09/27/17 -4:00 PM to 5:00 PM
Special Seminar: Professor David Michaelis
"Synthetic Applications of Enzyme-Inspired Catalysts"
Our research program is focused on using nature as an inspiration for the development of novel catalytic tools for organic synthesis. In the active site of enzymes, multiple metal centers often cooperate to lower the barrier to oxidative and reductive processes, thus enabling efficient catalysis in very challenging organic transformations. Our group is designing and developing heterobimetallic catalysts where metal-metal interactions and cooperativity can lead to enhanced catalysis and novel transformations. Our efforts have led to the development of Pd–Ti and Pt–Ti catalysts that display exceptional reactivity in allylic amination and cycloisomerization reactions respectively. This seminar will describe our current efforts to develop chiral Ti–M complexes for enantioselective catalysis and heterobimetallic M–Ni complexes for nickel catalysis applications. In separate pursuits, we have also developed peptide-based multifunctional catalysts that enable enzyme-like cooperative catalysis. The small peptide scaffold brings multiple non-natural catalysts into close proximity, enabling faster catalyst turnover, novel selectivity based on substrate binding and proximity, and the development of novel two-catalyst transformations. The development and use of these catalysts to achieve novel reaction rates and selectivity and for new reaction discovery will also be presented.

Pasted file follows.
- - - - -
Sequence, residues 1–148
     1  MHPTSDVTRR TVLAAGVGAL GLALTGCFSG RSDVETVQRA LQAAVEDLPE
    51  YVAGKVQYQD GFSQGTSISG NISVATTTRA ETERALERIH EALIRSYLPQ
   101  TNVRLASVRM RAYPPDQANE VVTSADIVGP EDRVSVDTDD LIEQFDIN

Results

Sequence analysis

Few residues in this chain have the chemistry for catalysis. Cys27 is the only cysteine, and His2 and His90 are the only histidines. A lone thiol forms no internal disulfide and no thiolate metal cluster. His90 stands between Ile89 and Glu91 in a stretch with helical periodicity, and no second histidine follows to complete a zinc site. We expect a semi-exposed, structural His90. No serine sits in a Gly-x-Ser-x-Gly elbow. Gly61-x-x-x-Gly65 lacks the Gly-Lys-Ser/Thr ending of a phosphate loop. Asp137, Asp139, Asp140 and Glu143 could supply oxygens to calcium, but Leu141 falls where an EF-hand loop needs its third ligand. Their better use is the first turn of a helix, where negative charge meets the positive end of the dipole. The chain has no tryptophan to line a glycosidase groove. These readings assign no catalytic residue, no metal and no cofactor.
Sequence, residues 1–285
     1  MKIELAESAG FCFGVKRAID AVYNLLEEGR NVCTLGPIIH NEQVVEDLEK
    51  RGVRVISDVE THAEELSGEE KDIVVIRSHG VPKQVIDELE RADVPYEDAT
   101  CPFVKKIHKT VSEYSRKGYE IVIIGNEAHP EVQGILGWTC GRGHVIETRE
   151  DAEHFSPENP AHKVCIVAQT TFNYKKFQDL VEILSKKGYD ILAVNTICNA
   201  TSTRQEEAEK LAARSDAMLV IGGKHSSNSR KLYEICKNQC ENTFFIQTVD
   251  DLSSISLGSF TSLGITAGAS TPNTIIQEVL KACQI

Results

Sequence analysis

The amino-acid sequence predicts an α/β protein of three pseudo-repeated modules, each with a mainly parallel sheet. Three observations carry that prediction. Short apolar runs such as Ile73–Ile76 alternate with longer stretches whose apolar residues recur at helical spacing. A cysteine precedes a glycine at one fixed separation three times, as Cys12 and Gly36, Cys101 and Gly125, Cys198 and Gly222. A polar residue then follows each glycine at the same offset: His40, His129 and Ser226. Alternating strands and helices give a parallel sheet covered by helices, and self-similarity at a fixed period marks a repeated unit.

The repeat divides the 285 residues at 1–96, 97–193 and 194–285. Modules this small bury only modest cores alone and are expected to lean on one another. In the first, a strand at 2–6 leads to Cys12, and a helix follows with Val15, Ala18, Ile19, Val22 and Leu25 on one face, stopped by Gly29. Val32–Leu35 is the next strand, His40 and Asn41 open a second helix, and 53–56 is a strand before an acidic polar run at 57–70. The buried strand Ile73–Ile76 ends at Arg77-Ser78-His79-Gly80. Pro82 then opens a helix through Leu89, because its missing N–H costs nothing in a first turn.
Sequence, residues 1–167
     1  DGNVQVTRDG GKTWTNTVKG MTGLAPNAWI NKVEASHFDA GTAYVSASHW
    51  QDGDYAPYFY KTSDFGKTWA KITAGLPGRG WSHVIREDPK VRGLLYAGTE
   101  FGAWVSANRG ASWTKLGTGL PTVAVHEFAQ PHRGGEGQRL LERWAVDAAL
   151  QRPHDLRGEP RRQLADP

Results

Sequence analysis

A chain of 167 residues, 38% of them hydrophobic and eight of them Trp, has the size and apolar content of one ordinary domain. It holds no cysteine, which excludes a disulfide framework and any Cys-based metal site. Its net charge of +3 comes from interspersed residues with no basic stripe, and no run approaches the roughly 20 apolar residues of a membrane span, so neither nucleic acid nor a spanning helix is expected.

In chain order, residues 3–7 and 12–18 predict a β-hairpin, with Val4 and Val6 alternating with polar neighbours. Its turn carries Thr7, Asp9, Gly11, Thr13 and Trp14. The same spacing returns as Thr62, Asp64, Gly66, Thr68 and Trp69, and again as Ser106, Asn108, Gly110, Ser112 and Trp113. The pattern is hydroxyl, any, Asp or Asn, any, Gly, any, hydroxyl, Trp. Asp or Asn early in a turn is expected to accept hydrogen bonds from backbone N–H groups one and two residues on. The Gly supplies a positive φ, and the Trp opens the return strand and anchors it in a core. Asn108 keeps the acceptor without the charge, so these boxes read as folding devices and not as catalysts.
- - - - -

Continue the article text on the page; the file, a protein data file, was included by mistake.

David Michaelis was raised in Salt Lake City and was an undergraduate student at Brigham Young University (BYU) in Provo, UT. As an undergraduate, he performed research with Professor Paul Savage on the development of organic sensors for cadmium ions. He received a Bachelor's degree in chemistry in 2005. Michaelis then attended graduate school at the University of Wisconsin–Madison where he worked with Tehshik P. Yoon. His graduate research focused on the development of novel oxidation reactions with oxaziridines, including for the copper-catalyzed oxyamination reaction of olefins. While at Wisconsin, he also participated in and was supported by the Chemistry Biology Interface Training Program (National Institutes of Health sponsored) and was the recipient of the American Chemical Society Division of Organic Chemistry graduate fellowship in 2008–2009. Michaelis' post-doctoral studies were with Barry M. Trost at Stanford University, where he was supported by a National Institutes of Health National Research Service Award post-doctoral fellowship. At Stanford, he worked on the development of several metal-catalyzed asymmetric methodologies, and on the synthesis of cytotoxic agent peloruside A. He started his independent career at BYU in April 2013. His research program focuses on the development of new enzyme-inspired catalysts for organic synthesis.